The whole point of Luke’s character arc across the first three movies is the realisation that not fighting is sometimes the best answer.
What’s particularly egregious is that Poe and Holdo’s plan basically end up being the same. They both end up sacrificing massive numbers of rebels/ships to achieve a goal. The major difference is Poe’s plan is proactive and achieves something while Holdo’s is passive, hide, hope the enemy won’t notice and someone else shows up to help them. The thing is her plan would have failed no matter what because the very first Star Wars movie established that star destroyers can and do track escape pods, right down to being able to tell how many people are abroad.
The other thing that is ignored is that Poe’s entire squadron ignores Leia’s orders. It’s not like he even ordered them to. They clearly thought their goal was important enough to keep going despite being ordered by a general to turn back. (Plus they would have still been getting slaughtered while they retreated so everyone would have died for nothing).
Really the main problem with Poe’s plan is that it’s mired in conventional air combat, which doesn’t make any sense especially when TFA established that it doesn’t have to be.
It’s almost as though The Last Jedi deliberately challenges received wisdom and patterns of behaviour that have gone unquestioned in previous Star Wars movies!
Challenges it by bringing up a counterpoint, but half-asses/half-measures by not really utilizing within story.
TLJ wants the cred of bringing up a theme, but never puts in the leg work to actually integrate it into the narrative.
Only if it’s your dad. Death Stars, stormtrooopers and emperors are dead meat.
The only reason valid reason for Rose to stop Finn from sacrificing himself is if it wouldn’t have worked (and it isn’t clear to me from the movie that it wouldn’t have). Not because “saving people is better than killing them.” Finn would have saved lots of people if the sacrifice worked, and right after Rose stops him the laser thingy shoots the base, potentially killing everyone he loves.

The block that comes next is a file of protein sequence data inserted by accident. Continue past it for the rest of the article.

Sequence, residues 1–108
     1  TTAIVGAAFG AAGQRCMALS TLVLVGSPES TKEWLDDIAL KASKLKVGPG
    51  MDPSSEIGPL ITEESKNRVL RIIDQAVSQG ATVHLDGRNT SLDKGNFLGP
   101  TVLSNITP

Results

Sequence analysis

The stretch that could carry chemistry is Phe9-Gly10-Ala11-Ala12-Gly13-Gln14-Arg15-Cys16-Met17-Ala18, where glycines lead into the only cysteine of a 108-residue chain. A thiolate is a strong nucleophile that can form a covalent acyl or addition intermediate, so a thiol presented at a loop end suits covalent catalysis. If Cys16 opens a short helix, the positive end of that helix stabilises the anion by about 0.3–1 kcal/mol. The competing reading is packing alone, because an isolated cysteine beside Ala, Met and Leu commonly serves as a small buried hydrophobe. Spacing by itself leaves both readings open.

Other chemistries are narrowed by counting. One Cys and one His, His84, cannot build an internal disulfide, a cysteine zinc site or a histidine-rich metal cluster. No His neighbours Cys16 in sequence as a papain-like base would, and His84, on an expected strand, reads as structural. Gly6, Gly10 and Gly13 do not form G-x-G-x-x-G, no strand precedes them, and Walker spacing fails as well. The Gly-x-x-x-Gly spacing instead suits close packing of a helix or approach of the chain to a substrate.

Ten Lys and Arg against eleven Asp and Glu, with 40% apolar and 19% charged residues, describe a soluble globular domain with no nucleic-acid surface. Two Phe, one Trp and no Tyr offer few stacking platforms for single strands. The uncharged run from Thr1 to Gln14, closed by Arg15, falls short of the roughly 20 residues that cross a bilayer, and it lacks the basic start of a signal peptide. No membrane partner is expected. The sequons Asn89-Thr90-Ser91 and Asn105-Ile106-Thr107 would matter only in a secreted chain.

Like having a scene where a character deliberately chooses a positive act (like saving a life or telling someone they love them) over a destructive one (like blowing something up or killing yourself)?
Luke didn’t destroy the Death Star II, didn’t kill the emperor, and does his best to not use violence at every point in Jedi. He does use violence, yes, but only when he has no other option.
Which would have 99% led to the deaths of everyone because the movie itself, inadvertently or not, frames it as a completely foolish act?
That’s not integration, the whole movie works against that scene.
And bracketing that scene with two scenes where someone chooses a destructive act and sacrifices themselves to save everyone.
You can see Luke’s behaviour that way, or you can see it as stoic non-violence in the face of Kylo Ren’s vicious attempts to attack and kill him.
(Something something point of view.)
So… it skips leg day? Ouch, that’s a burn.
You could also frame Finn’s sacrifice as equally non-violent. Putting a stopper on something from perpetuating violence.
From a certain point of view…Rose is a complete idiot.
I think we’re finally back to where we started.
You guys really overthink some of this shit.
And we have a winner! Perfectly summarises the thread.
I don’t think episode 8 of a 9 part saga is the proper avenue to start deconstructing a story. Star Wars may have been around for forty years, but I don’t think there’s enough story there to deconstruct, or even a need to. If they want to play games like that, do it in one of the CGI series. Or do it in one of the anthology films.
And I didn’t find TLJ to be deconstructive at all. Rian Johnson isn’t clever enough to pull off anything that even approaches Watchmen; he just wanted to
jerk around subvert the audience’s expectations because he thinks that’s an end in and of itself.
There’s nothing wrong with subverting expectations, but you still need to tell a good story in the process, or a better one than the audience was expecting.
Alright, now let’s get back to discussing how the next spin-off should be a Magnificent Seven riff with Seven Aging Stormtroopers having to protecting a farming planet.
You want Star Wars to go the way of the Western?
Nah, this thread can’t stop eating itself.
Make them the 7 Knights of Ren, who have since converted to hard line marxism, so much so they view the Monty Python peasant as a right-wing sell-out and you’re on.
Fine, let’s get back to the fantasy roots and have them in the role of knights on a quest for some sort of Holy Grail.